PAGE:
Thursday, June 14, 2007

Haircuts and Hillbilly Hugs, Part I

“If you believe it, you will experience it.” The statement of defrocked Charismatic bishop Carlton Pearson pierced my road weary mind as Barry and I listened to an NPR pod cast while driving west on I-70 towards the Damele and Paiute turquoise mines in Lander County, Nevada. Bishop Pearson had run afoul of his church when he developed the Doctrine of Inclusion; in essence a philosophy that there was no God-created Hell, and that everyone is saved, no matter what their faith.

Loneliest Road in America
The Hwy 50 Road Sign

Bishop Pearson had decided that humans, not God, created Hell. He also came to the conclusion that God was love, not the mean-spirited monster portrayed by many of the ministers associated with the Charismatic movement. The other ministers immediately understood how Dr. Pearson’s doctrine might adversely affect their ability to scare the fire out of their flocks and were not amused.

Not long after hearing Bishop Pearson’s pronouncement, Barry and I arrived at the junction of US Highways 89 and 50. We were about to begin our journey on the, “Loneliest Road In America.” Bishop Pearson’s words kept banging around in my brain, mostly because I agreed with his reasoning, but also because I had recently decided I need more interesting experiences in my mundane life.

Ironically, my experiential revelation had occurred two weeks earlier at precisely this same spot. Just one block north of where Barry and I currently sat waiting for the opportunity to turn left, in a dusty, timeworn storefront just off Main Street, Salina, Utah, stood Natch’s Barbershop. I had stumbled upon the salon late one evening as I fumbled about, trying to find Highway 89. There was no traditional barber pole to indicate the business’ specialty; just two hydraulic chairs and a lot of hair tonic on the other side of a large pane of glass. After discovering Natch’s, I realized that Highway 89 began at the intersection and ran north, so it was not long before I was back on track.

The next day, as I retraced my steps on the return trip, Natch’s began calling to me. I did not need a haircut, but felt compelled to go inside and see what kind of experience I could gin up. I steered the car into a parking slot in front of the building and piled out. Inside the shop, slouched in one of the lifts, was an also timeworn woman of about 70 years. “Do you take walk-ins,” I asked in too large a voice. It was apparent the traffic at the shop was not overwhelming, so I thought I was on firm ground. “Yes,” she said, jerking her thumb toward the remaining chair, “He will be back in a few minutes.” “He” was her husband of numerous decades, and He returned shortly.

Mr. Natch was a pleasant, medium height, maximum circumference man, maybe a few years older than She Natch. Assessing my scalp, He said, “So, what should we do?” On the opposite wall was a poster featuring hair styles of the 1950s. The placard had obviously been hanging in the same location at least 50 years, and had become a bit tattered. I briefly considered a flat top, but decided it might startle my family, partners and friends. Intuitively I knew I would have to ease into this new lifestyle.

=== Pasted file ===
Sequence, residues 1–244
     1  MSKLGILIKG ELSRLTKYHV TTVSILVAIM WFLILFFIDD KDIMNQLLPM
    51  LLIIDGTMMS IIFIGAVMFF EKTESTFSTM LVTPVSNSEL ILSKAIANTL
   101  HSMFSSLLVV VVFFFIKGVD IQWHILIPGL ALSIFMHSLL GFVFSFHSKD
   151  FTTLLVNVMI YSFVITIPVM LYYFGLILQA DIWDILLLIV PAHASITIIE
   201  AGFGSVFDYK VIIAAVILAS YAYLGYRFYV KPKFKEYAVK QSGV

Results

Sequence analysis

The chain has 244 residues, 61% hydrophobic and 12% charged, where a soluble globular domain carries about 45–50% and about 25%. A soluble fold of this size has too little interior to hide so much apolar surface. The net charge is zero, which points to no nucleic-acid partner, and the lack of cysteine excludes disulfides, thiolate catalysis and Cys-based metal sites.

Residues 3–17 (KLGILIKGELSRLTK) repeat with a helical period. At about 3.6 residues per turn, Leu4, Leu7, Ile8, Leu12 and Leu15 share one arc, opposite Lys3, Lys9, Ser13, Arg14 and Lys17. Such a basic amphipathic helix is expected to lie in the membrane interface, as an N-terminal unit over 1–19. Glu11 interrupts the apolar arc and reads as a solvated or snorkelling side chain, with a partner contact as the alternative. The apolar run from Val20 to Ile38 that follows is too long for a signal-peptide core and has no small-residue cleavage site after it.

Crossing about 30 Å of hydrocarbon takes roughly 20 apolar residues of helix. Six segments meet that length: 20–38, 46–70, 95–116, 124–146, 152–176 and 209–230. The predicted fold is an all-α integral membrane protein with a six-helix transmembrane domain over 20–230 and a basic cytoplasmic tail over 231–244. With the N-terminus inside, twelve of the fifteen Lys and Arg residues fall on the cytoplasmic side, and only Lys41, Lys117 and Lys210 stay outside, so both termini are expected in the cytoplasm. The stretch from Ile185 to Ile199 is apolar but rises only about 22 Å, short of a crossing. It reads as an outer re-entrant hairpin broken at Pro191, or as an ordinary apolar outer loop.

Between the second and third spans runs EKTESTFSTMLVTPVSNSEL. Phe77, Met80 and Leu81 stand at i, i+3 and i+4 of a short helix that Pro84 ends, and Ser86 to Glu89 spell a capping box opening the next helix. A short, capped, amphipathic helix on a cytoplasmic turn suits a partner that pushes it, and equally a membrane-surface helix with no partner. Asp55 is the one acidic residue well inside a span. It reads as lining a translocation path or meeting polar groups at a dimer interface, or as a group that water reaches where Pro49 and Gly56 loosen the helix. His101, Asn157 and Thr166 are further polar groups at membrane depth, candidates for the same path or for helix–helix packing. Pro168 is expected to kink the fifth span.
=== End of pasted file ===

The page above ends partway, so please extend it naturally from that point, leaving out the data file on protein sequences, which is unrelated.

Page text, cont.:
One of the sketches on the poster looked a little like Clark Gable, without the pencil thin mustache. Taking that as a sign, I asked, “Can you make me look like Clark Gable?” “No,” She snorted, without the slightest hint of apology. He Natch seemed in agreement, so, understanding She was likely correct in her evaluation, I asked for a lowly trim. Old habits die hard.

While I was taking myself to task for not being more bold, I surveyed the premises. Bottles of hair tonic that appeared to have originated before World War II were arranged about the room. Layers of dust on the containers indicated they had not been rearranged since originally being placed on the shelves. I wondered whether there might be a market for them at the Twin Rocks trading post.

Taking out his clippers, He began to carve. It did not take long to recognize that this was going to be an interesting encounter. I looked straight ahead and tried not to move, lest He lop off one or both of my ears. An exciting experience was one thing, but going about like Vincent van Gogh was another thing altogether. Every once in a while I cast a sideways glance at She, who continued to slump in the seat next to me, to see if she approved. Although her eyes drooped and she appeared to be nodding off, She smiled like the Cheshire Cat.

When the process was complete, I asked the charges, and He, admiring his handiwork, announced the total cost to be $10.00. I quickly glanced at the mirror and noticed the cut was smartly slanted and more closely cropped on the left than the right. Now, I have had hundreds of haircuts, but never one so memorable. So, along with his standard fee, I gave Him a $2.00 tip.

Paiute Turquoise Cabochons
Turquoise Cabochon from Twin Rocks Trading Post.

Back at the Twin Rocks trading post, Zigy, who was a regular at Twin Rocks and had been in a just a couple days before my departure, noticed my new trim. “Something’s different,” Zigy announced, “Let me take a look.” Circling me several times, he mused, “Ahh, sure. Hum.” Finally he queried, “How much did it cost?” “Ten dollars,” I disclosed in my most budget-minded tone; neglecting to mention the tip. “That is the best $10.00 haircut I’ve seen in recent years; shorter on one side, crooked in the back, it’s great,” Zigy pronounced. “Shoulda’ given him a tip.”

Reflecting back on Zigy’s comments, I clicked the blinker and turned west onto the Loneliest Road, continuing the search for nuggets of turquoise and nodules of knowledge.

With warm regards,
Steve, Barry and the Team.

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